The vast majority of chicken we purchase and consume in the United States is from a breed known as the Cornish Cross. The hybrid was first developed after World War II, carefully selected for the trait that has come to define it — its phenomenal rate of growth. Most Cornish Cross birds we eat are slaughtered at five to seven weeks of age. This rapid growth rate, combined with the disproportionate amount of white meat the bird produces, is precisely why the Cornish Cross is so ubiquitous. It dominates grocery store coolers, restaurant menus, and poultry barns across the country.
Despite the economic advantages of the Cornish Cross, a butcher shop in Grand Rapids is working to bring customers something different. Husband-and-wife team Matt Smith and Cyndi Esch opened Louise Earl Butcher in January of 2012. Louise Earl is a full-service butcher shop that sells grass-fed and finished beef, heritage pork, and pastured lamb and chicken, alongside a variety of dry goods and specialty products. Smith and Esch are lifelong residents of Grand Rapids that first met working in the food and beverage industry in the 90’s, and have spent their time since building a community around food.
The Butcher & the Farm
It’s no secret that Louise Earl prides themselves on sourcing and selling the highest quality product available. That has been their commitment since day one, but it is also what continues to define the way they operate the business. It is demonstrated in the way they seek to improve their supply chain, and foster real and lasting relationships with their farm partners. Currently, Louise Earl sources from twelve different farms, all within 60 miles of Grand Rapids. Their primary poultry supplier is Hehlden Farm in Coopersville.
Louise Earl and Hehlden Farm’s relationship is a quintessential example of this open exchange between shop owner and farmer. Louise Earl sought out Hehlden Farm in part because of the attention and care they give to the animals they raise. When Matt Hehl first began selling chickens to the butcher shop in 2016, Hehlden Farm was raising Cornish Crosses exclusively. All of their birds are raised on pasture, allowing the chickens to express their true nature — foraging for grass and bugs on a daily basis. That environment increases the healthiness of the bird, the soil, and ultimately, the consumer. But wanting to raise the bar even higher, Hehl and Smith turned to a new breed — the Freedom Ranger.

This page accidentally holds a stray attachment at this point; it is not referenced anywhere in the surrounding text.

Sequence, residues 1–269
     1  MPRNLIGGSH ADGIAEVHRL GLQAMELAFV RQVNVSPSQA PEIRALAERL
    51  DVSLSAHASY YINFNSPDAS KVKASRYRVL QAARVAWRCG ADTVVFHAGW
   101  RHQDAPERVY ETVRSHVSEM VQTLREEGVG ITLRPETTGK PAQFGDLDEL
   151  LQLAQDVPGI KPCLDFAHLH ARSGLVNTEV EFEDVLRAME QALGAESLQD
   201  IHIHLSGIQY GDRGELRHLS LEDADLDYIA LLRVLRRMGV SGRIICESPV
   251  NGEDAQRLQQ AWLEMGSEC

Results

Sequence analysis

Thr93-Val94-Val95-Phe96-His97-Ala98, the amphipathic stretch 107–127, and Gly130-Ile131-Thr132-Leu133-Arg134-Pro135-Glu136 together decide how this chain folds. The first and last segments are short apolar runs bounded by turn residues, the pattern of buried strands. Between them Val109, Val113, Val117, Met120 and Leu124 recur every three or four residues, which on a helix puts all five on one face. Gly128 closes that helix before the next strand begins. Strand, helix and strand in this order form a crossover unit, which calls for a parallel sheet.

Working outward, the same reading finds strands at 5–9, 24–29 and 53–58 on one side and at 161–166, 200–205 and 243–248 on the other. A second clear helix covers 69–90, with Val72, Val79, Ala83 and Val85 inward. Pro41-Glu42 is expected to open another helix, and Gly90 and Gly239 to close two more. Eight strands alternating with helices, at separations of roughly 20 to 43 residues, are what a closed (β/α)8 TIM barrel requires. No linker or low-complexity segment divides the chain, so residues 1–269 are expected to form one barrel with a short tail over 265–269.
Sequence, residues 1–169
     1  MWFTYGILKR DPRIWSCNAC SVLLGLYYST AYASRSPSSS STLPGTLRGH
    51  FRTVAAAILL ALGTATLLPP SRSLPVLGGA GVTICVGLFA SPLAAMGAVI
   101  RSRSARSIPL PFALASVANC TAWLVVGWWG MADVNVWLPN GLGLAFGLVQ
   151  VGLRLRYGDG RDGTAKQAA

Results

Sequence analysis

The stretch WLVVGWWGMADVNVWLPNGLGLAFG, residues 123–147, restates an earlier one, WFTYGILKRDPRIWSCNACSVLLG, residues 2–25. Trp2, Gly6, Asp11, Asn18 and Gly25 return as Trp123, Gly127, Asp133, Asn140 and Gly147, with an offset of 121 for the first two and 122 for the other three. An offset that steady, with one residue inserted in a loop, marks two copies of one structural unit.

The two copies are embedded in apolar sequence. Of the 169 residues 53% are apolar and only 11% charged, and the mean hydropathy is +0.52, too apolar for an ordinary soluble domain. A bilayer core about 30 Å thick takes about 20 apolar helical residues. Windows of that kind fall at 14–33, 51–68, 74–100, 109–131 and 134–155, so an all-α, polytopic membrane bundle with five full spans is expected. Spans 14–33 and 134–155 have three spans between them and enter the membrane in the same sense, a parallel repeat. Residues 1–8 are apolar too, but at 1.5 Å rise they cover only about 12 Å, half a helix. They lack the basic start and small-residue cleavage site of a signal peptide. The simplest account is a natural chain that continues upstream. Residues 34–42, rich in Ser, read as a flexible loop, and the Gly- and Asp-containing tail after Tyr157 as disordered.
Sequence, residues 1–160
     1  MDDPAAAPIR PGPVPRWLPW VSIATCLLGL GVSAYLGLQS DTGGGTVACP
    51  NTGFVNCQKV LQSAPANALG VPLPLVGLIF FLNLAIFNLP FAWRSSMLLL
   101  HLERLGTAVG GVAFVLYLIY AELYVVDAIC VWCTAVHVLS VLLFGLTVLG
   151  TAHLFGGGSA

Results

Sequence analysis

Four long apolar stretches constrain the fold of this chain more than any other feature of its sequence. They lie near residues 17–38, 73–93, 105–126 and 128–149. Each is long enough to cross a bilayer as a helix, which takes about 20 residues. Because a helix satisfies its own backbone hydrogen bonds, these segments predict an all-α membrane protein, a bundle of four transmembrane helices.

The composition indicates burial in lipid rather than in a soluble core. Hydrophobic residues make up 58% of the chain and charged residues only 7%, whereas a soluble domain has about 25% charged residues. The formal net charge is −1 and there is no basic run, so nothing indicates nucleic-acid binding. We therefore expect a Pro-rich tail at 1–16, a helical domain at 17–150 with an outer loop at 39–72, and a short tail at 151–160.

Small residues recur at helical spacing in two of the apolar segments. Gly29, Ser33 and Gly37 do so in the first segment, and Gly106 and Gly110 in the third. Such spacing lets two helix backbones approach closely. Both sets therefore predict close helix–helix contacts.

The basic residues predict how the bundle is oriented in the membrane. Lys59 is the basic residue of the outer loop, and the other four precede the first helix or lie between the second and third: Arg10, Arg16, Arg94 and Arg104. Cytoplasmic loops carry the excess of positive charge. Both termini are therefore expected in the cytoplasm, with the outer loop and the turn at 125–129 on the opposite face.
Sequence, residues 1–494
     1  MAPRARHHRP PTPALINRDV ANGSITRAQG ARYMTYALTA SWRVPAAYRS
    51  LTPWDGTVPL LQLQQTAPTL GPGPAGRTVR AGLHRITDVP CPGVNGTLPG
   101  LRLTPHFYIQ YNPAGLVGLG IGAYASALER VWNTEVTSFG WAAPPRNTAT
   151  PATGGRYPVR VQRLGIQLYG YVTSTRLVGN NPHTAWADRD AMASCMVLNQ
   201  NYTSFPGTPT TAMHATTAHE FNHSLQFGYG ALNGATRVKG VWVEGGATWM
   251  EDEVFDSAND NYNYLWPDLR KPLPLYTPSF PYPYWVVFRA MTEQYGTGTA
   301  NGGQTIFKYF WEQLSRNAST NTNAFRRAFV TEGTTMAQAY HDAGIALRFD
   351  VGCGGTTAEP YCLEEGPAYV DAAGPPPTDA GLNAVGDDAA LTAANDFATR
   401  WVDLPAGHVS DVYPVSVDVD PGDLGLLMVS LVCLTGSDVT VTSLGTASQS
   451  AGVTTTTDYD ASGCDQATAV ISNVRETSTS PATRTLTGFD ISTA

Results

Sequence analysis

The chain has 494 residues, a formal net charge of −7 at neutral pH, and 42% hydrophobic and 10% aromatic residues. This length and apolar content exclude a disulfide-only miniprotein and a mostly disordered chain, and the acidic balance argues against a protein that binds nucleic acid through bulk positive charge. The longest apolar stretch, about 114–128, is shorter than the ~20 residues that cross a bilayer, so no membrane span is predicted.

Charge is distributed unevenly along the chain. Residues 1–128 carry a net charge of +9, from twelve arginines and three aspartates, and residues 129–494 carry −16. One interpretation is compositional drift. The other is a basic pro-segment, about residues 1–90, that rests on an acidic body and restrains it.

The Freedom Ranger
Though the Freedom Ranger takes several weeks longer to grow, the flavor of the bird is a far cry from the Cornish Cross, with rich dark meat in proportion to white, and lovely yellow fat deposits throughout. The birds are also more robust, making them even better suited for the pastured model. Impressed with the results, Hehl and Smith agreed that the only chicken they would raise and sell at Louise Earl in 2019 would be the Freedom Ranger. The birds are delivered fresh each week after slaughter, and some are frozen so that Louise Earl can provide the high-quality, pasture-raised meat year-round.
We might not know to ask “what breed is this?” when shopping for chicken, but thanks to the dedication of businesses and farms like these, we can become more informed, thoughtful consumers. I hope examples like this will continue to inspire forward thinking in our food community.
Louise Earl Butcher | Website | 1106 Wealthy St SE, Grand Rapids, MI 49506
Annaliese Brown is the Local Food Coordinator for West Michigan. Contact her at email@example.com
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